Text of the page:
But the best way to handle a tension headache is to treat it early and, if possible, prevent it. Prevention is actually quite simple, and there are very few rules:
1. Maintain good posture. This means standing straight, sitting upright, and avoiding spending long periods in abnormal positions. If you find yourself slouching in your chair while sitting, or standing with your chin well over your chest, Or gazing for a sustained period of time at any object, immediately change position or focus—even if it means getting up and moving about the room.
2. Make sure your vision is properly corrected. Making sure your vision is checked by a qualified optical specialist can be worthwhile in any case. That is especially true if there is a vision problem of which you are unaware and which is causing nagging headaches.
3. Watch your diet. Such things as food colorings, sugar, or preservatives have been linked by some people to headaches. While the mechanism behind this is obscure, it may be that these substances make the muscles more sensitive to prolonged periods of stretching.
4. Be careful of that pillow. Headaches that come on in the morning may be associated with sleeping on your back with a pillow under your head. In that situation the neck is stretched forward and produces the same effect as standing with the head forward. Sleeping on your stomach or doing without the pillow will correct the problem.
5. Exercise your neck. Neck motion is necessary to keep the muscles supple and relaxed. You should never move your head in a circular motion on your neck. Instead, slowly move the head in a "yes" fashion to its full extent. This can be accompanied by trying to put each ear on the near shoulder—again slowly, deliberately, and as far as it will go comfortably. Then rotate your head so that your chin first tries to touch the right shoulder, then the left. All these motions should be repeated at least three times each. This series of exercises can be performed at any time and in any place. They are especially helpful if the neck begins to tighten after hours of study or desk-type work.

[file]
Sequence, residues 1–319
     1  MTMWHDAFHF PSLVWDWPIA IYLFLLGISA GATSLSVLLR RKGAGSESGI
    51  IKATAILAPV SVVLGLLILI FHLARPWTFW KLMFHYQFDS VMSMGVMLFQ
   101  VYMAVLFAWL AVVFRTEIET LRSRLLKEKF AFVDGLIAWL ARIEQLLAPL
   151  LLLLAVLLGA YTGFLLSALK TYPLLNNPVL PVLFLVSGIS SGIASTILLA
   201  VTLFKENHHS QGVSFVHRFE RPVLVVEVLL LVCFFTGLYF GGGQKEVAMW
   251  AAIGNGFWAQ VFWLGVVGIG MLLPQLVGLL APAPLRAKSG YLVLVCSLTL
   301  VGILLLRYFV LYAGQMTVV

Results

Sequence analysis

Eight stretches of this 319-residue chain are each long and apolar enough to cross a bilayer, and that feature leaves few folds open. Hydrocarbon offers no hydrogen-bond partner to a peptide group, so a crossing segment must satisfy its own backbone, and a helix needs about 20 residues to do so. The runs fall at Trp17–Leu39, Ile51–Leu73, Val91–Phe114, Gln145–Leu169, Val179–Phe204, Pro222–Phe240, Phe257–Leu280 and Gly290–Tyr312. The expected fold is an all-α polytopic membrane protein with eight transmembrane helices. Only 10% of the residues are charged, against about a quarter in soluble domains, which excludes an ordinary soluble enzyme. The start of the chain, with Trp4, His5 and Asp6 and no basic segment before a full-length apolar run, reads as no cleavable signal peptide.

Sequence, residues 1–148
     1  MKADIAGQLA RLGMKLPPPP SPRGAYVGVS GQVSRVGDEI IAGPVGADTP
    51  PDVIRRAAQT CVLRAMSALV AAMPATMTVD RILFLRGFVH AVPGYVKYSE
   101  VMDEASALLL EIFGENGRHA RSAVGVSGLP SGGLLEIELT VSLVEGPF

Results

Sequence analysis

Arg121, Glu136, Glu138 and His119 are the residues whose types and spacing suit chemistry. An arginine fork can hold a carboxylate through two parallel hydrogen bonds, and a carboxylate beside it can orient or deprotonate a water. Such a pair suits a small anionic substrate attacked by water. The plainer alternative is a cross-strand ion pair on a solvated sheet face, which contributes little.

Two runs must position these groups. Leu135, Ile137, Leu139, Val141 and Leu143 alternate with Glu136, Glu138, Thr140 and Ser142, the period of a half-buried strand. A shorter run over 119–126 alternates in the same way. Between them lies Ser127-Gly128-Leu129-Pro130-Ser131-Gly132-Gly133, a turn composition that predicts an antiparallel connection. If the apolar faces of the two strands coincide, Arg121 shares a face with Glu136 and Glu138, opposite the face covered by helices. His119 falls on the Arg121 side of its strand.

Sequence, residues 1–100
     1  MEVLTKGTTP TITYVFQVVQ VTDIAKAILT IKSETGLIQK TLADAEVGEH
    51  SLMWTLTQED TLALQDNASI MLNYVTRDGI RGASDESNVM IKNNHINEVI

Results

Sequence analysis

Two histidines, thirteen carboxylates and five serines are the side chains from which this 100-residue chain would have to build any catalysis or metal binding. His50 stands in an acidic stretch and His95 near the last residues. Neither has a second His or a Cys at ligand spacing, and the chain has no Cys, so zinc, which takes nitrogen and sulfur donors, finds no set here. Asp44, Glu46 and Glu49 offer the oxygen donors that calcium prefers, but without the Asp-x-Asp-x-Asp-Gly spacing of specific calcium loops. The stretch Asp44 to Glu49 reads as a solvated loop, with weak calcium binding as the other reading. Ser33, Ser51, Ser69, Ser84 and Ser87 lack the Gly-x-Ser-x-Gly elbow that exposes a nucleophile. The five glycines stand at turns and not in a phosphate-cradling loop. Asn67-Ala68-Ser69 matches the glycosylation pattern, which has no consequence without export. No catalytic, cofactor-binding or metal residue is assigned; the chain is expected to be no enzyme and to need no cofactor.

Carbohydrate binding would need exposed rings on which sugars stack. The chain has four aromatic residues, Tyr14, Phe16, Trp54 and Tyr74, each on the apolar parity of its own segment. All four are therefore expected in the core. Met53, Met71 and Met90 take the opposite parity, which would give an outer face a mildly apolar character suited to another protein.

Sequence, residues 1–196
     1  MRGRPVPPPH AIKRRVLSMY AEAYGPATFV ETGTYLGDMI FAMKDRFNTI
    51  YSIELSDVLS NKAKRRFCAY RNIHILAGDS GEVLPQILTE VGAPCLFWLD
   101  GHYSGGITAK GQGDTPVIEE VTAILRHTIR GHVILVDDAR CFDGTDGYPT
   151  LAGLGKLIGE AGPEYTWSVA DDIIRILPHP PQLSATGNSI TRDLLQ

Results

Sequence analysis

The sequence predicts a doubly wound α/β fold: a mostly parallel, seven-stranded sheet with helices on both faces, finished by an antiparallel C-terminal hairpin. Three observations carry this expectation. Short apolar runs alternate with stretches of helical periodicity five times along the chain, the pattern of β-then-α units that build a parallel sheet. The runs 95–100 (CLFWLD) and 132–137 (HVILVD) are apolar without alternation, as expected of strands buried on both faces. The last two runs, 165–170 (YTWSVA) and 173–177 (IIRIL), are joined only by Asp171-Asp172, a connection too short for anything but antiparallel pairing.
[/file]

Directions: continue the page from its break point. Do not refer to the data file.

Paying attention to these simple rules should keep you free from the tension headache.
Other types of headache
Unfortunately there are other, more serious causes of headaches. Frequently the symptoms of these headaches cannot be clearly distinguished from the simple tension headaches except by a physician. In general, if any headache lasts for more than a few hours, or has associated signs or symptoms as described below, it should be checked by your doctor as soon as possible.
Migraine headaches tend to be recurrent, throbbing, and episodic. They are usually found on one side of the head and seem to be related to disturbance in the blood flow to the head. Nausea and vomiting are frequently associated with the headaches, which may be preceded by visual symptoms including flashing lights, sparks, or geometric patterns. These headaches are quite severe in their onset and are usually not mistaken for tension. Closely related are cluster headaches, which may come at any time of the year, affect predominantly middle-aged males, and as their name implies, occur in clusters or groups. Medical care is usually needed for these headaches.
Allergic headaches can occur as a result of eating foods you are sensitive to. These headaches are not caused by true allergies, but are actually bodily reactions to certain chemicals in foods or other substances. By watching the pat tern of headaches after exposure to foods or other substances, you can make your own diagnosis, usually without having to seek medical assistance.